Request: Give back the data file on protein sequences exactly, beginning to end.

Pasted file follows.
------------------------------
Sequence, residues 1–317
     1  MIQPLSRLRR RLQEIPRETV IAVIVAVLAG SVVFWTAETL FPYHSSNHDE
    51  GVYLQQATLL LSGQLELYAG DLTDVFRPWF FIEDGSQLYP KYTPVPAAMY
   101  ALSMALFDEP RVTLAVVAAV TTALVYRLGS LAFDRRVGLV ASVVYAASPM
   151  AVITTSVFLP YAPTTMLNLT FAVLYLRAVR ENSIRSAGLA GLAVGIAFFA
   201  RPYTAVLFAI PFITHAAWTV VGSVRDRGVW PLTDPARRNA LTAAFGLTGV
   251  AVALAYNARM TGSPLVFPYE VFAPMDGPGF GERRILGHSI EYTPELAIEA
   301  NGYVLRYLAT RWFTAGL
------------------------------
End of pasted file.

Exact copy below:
Sequence, residues 1–317
     1  MIQPLSRLRR RLQEIPRETV IAVIVAVLAG SVVFWTAETL FPYHSSNHDE
    51  GVYLQQATLL LSGQLELYAG DLTDVFRPWF FIEDGSQLYP KYTPVPAAMY
   101  ALSMALFDEP RVTLAVVAAV TTALVYRLGS LAFDRRVGLV ASVVYAASPM
   151  AVITTSVFLP YAPTTMLNLT FAVLYLRAVR ENSIRSAGLA GLAVGIAFFA
   201  RPYTAVLFAI PFITHAAWTV VGSVRDRGVW PLTDPARRNA LTAAFGLTGV
   251  AVALAYNARM TGSPLVFPYE VFAPMDGPGF GERRILGHSI EYTPELAIEA
   301  NGYVLRYLAT RWFTAGL